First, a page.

Frightening. Moving. Repellent. Fascinating. And, ultimately, touching. That's Street Hassle.
Lou Reed rides the all-night shuttle between humorously perceptive observation and terminal mental burn-out. Along the way he accumulates artistic maturity. Street Hassle finds him rebounding from the joviality of Rock and Roll Heart. Instead (for the most part) here's the metallic android we love to hate. But unlike earlier incarnations (when we could ignore Reed's trivial tastelessness) the songwriting on this record is as chillingly effective as the Velvet Underground nightmares that brought Lou to prominence. A cruel mix of humanity with horror whets Street Hassle's razor's edge….
The album's obvious showpiece is the title cut…. The contrast between the repetitious (and therefore mundane) music, the emotionless vocal and the charged words makes "Street Hassle" one of Reed's crowning achievements.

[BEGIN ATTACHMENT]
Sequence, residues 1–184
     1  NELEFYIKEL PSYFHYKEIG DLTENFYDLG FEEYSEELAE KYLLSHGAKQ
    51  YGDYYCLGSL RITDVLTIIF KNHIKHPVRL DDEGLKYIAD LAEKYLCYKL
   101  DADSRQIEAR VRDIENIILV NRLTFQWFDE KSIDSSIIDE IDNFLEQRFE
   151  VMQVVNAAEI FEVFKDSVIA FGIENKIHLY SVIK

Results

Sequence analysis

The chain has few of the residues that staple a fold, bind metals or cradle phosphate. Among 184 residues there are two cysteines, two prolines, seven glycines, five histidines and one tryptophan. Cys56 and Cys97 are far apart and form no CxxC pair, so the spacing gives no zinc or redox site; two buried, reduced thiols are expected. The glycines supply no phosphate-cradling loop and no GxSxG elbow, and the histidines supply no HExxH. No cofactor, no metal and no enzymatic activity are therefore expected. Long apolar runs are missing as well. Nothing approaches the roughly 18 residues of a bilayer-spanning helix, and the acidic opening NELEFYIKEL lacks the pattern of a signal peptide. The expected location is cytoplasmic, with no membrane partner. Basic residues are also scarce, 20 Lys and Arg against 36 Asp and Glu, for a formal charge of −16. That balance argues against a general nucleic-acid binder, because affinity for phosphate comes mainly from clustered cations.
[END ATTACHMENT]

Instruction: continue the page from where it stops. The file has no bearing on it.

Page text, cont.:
Not everything on the lp is so resonant. "Dirt" and "Shooting Star" are both typical Reed put-downs … for the faithful….
["I Wanna Be Black"] is a dubiously ironic/sarcastic tribute to blacks, self-loathing whites or both; Reed conceives of racial envy in mostly sexual terms….
[Music] and words share an intensity that makes this undoubtedly the most powerful Lou Reed solo album.
Scott Isler, "Lonely Street," in Crawdaddy (copyright © 1978 by Crawdaddy Publishing Co., Inc.; all rights reserved; reprinted by permission), May, 1978, p. 69.